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Out for a jaunt in the sun. Engine siezed coming down long highway at 55. Boo. Kick is stuck. Is this definitely a hard sieze? How will I know? What can I do to get going again? Its hot sunny and a long way from home.
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Where are you on 55?
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If the kick is stuck, pull the plug and pour some oil in (just a bit)

It may free up as it cools. If it does and the rings are not trapped (still has compression) then you may be able to get it started and limp it home.

If you have a larger main jet, put it in.
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Try turning fly wheel by hand just to make sure it was a seize and not something jamming your gears or kickstart. Check it's in neutral of course.

Then what tools do you have? Take off exhaust or head to take a look inside.
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Ok folks. I guess it cooled down managed to bump start and get moving. That was fun �� bike locking up in fast traffic .

put a touch more oil in gas for luck.

crock wrote:
Where are you on 55?
hey crock. No my speed was 55 �� I was actually on the 133 near Irvine. Now heading south on the PCH.
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As soon as it locks up.. CLUTCH IN ! Then let it out when you are out of th traffic, but still rolling and hope is frees up again, easier than pushing later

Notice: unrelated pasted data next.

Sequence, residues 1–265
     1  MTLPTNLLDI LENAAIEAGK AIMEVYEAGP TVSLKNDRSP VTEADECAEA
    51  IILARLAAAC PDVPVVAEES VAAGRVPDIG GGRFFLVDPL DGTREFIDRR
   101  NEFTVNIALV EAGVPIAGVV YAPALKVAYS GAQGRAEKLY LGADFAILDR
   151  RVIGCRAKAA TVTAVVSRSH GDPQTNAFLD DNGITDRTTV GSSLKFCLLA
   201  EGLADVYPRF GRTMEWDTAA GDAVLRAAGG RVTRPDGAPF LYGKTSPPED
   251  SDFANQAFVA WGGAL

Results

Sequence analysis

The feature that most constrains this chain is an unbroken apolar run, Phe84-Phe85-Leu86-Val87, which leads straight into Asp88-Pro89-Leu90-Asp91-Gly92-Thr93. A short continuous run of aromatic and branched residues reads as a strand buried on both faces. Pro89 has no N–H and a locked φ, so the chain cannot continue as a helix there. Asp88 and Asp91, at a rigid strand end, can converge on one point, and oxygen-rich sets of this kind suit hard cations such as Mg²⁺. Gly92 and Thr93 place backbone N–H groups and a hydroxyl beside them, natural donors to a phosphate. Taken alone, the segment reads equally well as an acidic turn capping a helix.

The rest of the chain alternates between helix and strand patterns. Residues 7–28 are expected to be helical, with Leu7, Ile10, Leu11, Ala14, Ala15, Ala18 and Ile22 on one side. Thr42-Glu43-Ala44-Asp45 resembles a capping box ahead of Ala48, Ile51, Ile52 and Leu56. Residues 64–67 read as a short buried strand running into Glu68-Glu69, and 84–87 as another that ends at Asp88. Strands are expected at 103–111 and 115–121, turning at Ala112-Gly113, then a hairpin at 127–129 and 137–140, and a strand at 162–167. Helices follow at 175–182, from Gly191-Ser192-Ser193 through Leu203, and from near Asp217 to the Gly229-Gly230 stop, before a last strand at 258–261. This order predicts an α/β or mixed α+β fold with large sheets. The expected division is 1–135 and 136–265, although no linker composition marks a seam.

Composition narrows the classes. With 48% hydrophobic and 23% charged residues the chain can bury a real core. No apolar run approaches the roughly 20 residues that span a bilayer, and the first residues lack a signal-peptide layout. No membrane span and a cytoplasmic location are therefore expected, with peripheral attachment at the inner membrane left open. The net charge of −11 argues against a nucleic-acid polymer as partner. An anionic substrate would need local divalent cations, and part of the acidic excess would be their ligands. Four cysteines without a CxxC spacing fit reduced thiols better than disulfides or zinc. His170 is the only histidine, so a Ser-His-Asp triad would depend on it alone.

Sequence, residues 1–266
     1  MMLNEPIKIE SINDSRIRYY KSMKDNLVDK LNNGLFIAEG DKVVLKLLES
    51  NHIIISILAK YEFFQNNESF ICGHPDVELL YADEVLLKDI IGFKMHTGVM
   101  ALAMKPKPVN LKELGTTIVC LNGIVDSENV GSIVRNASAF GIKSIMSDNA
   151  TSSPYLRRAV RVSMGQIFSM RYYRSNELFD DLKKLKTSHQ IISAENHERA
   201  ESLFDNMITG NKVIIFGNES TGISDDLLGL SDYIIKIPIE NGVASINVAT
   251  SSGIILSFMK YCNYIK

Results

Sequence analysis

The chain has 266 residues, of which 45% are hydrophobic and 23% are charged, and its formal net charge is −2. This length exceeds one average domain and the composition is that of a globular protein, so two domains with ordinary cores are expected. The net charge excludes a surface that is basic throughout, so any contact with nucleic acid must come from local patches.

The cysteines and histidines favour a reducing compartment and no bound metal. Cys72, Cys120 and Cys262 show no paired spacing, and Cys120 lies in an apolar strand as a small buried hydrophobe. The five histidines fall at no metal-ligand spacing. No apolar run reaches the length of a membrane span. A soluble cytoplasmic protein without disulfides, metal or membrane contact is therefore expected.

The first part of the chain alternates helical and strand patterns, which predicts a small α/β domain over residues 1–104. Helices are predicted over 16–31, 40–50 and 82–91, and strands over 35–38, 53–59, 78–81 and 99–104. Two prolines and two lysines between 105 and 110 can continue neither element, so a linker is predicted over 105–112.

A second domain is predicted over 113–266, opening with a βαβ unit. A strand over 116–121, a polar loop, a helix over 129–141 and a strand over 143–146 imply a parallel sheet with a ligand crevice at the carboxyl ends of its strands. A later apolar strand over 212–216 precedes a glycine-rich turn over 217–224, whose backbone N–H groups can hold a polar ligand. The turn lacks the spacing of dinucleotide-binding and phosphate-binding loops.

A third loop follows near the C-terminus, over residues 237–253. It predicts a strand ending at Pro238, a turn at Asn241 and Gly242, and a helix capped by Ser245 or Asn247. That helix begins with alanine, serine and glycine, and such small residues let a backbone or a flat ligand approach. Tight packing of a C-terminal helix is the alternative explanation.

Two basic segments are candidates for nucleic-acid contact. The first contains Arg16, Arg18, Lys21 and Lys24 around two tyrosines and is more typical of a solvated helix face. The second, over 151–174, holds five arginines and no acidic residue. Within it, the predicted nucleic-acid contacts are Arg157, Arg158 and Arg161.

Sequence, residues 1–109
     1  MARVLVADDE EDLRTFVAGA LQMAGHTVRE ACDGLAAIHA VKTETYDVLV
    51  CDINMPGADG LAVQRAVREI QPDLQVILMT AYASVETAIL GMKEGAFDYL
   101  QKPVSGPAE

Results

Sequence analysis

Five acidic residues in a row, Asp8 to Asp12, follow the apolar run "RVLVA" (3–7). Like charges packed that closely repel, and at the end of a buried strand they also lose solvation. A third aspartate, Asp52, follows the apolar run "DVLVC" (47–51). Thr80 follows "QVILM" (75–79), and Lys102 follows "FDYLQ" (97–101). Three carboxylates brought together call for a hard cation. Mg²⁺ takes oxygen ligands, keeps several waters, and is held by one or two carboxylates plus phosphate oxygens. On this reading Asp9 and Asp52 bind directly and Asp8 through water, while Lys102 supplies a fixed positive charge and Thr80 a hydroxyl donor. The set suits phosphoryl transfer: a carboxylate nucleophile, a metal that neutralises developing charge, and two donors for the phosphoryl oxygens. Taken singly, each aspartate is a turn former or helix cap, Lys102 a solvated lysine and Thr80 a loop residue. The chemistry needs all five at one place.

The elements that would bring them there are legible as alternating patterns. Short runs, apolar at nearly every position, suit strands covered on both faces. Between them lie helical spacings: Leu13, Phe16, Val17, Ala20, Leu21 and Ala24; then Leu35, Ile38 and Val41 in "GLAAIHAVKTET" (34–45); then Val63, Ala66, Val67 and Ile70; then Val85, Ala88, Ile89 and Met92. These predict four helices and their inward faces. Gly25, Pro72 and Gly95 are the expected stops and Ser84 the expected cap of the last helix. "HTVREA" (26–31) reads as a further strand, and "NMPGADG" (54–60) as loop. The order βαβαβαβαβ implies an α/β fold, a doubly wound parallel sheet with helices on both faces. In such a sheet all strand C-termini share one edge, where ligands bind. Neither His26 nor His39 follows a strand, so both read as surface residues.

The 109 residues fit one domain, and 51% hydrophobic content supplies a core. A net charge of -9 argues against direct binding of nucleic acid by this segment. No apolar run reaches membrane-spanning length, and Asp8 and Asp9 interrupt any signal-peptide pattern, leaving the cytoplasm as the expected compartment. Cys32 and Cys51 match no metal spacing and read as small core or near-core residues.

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put a touch more oil in gas for luck [/quote]

Not a good idea, it will run leaner. Hope you got it home and you are ok.
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Tierney wrote:
Quote:
put a touch more oil in gas for luck
Not a good idea, it will run leaner. Hope you got it home and you are ok.
ooops. I was thinking "oil = lube"

I did get home without any more problems. Now to see what damage was done, and to see how to run the engine richer.

To run richer could i go with a bigger main jet? smaller air jet?
⚠️ Last edited by Oliver Tamborine on UTC; edited 1 time
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SubEtherBASS wrote:
As soon as it locks up.. CLUTCH IN
I knew that in theory but was too distracted with "oh! i'm skidding out of control". I'll remember next time.
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Might want to seriously consider buying a CHT or EGT to assist you in up/re jetting after you have first found and repaired the damage from the hard seize.
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springer1 wrote:
Might want to seriously consider buying a CHT or EGT
Sound advice!
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springer1 wrote:
Might want to seriously consider buying a CHT or EGT